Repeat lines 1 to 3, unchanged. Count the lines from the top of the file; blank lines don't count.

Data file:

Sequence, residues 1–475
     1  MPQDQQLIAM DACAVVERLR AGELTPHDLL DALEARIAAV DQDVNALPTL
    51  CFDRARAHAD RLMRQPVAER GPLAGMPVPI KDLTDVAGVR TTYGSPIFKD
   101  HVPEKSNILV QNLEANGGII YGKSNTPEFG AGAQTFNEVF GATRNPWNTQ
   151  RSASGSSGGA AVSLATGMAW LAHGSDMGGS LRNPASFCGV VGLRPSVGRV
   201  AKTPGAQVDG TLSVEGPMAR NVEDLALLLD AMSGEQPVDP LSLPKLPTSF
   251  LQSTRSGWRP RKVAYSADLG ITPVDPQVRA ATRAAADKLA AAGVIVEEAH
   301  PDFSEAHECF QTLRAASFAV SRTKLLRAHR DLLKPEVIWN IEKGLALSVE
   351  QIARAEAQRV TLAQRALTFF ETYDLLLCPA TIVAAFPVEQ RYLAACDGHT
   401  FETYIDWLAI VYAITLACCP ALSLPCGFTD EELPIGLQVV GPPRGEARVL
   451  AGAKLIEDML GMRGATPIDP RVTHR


Sequence, residues 1–475
     1  MPQDQQLIAM DACAVVERLR AGELTPHDLL DALEARIAAV DQDVNALPTL
    51  CFDRARAHAD RLMRQPVAER GPLAGMPVPI KDLTDVAGVR TTYGSPIFKD